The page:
Q. I want to stay lean, but I don't want to lose any muscle. How can I tell if I'm doing too much cardio?
We all know that to get lean you have to do cardio and have a great consistent nutritional diet. But did you know that too much cardio can be counterproductive? If you're a slave to the treadmill, elliptical, or stair master, you can actually lose muscle. Unless your goal is to look like Christian Bale in The Machinist, it's best to be really smart about your cardio?
We all know that to get lean you have to do cardio and have a great consistent nutritional diet. But did you know that too much cardio can be counterproductive? If you're a slave to the treadmill, elliptical, or stair master, you can actually lose muscle. Unless your goal is to look like Christian Bale in The Machinist, it's best to be really smart about your cardio.
If you don't know how much is too much, let me help!
The Great Cardio Myth
There is this horrible misperception in our society about fat loss. A lot of people think that if you starve yourself and do two or three hours of cardio each day, the fat is just going to melt off. Actually, performing too much cardio will put your body in a catabolic state and burn hard-earned muscle. The loss of muscle will not only reduce strength, but it will also slow down your metabolism. If your metabolism slows down too much, you'll have a tough time burning fat.
There's no exact answer for how much cardio is too much. But if you're not a distance runner, anything over 60-70 minutes per day is likely counterproductive—especially if you aren't consuming enough protein or calories to support the daily caloric expenditure. In order to build or maintain muscle, you need to eat enough food.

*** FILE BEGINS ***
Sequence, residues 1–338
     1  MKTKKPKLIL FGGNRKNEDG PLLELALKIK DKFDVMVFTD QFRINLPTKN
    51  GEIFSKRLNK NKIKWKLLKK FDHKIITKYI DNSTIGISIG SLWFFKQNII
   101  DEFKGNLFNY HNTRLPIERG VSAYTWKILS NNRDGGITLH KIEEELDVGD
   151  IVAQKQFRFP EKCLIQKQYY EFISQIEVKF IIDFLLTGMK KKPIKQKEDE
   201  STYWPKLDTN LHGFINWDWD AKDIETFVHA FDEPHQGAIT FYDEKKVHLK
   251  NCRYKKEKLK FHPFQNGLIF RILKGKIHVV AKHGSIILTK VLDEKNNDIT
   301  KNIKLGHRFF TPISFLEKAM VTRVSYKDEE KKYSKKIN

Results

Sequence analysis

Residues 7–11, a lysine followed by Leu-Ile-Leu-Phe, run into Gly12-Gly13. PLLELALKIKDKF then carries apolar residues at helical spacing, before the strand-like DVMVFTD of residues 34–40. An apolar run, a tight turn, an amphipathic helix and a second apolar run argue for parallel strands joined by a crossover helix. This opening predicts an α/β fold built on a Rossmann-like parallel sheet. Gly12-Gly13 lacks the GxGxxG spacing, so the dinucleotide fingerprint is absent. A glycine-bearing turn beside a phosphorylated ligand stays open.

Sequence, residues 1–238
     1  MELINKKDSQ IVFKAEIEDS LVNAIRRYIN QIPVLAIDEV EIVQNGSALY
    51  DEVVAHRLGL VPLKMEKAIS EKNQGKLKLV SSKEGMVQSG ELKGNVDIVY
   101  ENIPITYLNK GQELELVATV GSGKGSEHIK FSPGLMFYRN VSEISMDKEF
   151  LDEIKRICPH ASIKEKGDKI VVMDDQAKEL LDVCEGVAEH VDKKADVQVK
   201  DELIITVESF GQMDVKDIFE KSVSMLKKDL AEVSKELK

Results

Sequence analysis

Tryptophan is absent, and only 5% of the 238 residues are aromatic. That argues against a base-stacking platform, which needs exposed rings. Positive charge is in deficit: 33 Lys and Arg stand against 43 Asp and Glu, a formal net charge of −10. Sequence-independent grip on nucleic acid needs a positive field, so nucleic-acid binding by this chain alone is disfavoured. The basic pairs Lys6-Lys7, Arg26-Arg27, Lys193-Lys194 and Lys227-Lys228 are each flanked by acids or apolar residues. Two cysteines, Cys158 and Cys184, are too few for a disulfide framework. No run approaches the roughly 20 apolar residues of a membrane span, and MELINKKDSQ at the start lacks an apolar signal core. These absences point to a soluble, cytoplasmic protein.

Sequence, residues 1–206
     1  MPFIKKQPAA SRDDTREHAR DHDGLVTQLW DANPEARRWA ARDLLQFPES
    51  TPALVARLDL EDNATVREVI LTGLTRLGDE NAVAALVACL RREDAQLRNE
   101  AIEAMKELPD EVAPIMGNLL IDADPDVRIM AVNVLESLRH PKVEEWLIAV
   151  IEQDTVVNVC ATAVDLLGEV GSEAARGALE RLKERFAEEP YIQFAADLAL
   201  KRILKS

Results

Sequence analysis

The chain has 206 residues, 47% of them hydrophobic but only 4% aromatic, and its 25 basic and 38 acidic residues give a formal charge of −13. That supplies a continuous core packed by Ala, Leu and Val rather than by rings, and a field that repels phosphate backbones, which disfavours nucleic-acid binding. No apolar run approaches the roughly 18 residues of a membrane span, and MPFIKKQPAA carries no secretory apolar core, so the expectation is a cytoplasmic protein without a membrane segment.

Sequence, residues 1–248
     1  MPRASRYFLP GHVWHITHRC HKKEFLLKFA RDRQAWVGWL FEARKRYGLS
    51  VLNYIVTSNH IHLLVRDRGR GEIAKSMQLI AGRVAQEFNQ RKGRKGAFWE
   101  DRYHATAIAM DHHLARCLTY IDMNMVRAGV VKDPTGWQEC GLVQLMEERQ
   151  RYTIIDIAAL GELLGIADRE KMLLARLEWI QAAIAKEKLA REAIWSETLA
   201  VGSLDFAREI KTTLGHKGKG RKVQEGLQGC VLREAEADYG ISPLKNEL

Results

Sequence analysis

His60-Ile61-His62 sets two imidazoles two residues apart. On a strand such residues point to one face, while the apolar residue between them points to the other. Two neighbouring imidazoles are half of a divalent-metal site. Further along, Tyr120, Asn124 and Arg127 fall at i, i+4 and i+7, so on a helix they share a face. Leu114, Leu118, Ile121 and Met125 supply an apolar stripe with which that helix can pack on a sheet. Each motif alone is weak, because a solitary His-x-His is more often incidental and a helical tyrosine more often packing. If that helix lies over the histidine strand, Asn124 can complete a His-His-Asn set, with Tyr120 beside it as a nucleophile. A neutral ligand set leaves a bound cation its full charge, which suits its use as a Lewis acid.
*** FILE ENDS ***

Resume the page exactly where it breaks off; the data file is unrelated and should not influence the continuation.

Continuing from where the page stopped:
Symptoms of Cardio Overload
Too much cardiovascular training will also lead to injuries and over-training issues like aches and pains. You can also suffer from consistent bouts of fatigue and mood changes. Lots of running can also make your cortisol levels rise, which may suppress your immune system. Often, marathon runners experience colds and respiratory infections after they race because of their higher cortisol levels. If you're experiencing any of these symptoms, it's probably a sign you need to cut back the cardio.
Working out is supposed to be fun; it shouldn't be some long, arduous chore. If you are in the gym for more than an hour per day doing aerobic training, you're probably overtraining. If you're not in the business of marathon running or long-distance biking, this much cardio will take you 10 steps backwards instead of 10 steps forward.
I never do more than 60 minutes of cardio per day, whether I am playing basketball or sprinting. I know that if I do any more than that, it'll probably hurt me more than help me.
It's always good to remember that more is not always better. Be smart about your training. Keep it hard and efficient to burn fat, and most importantly, preserve muscle.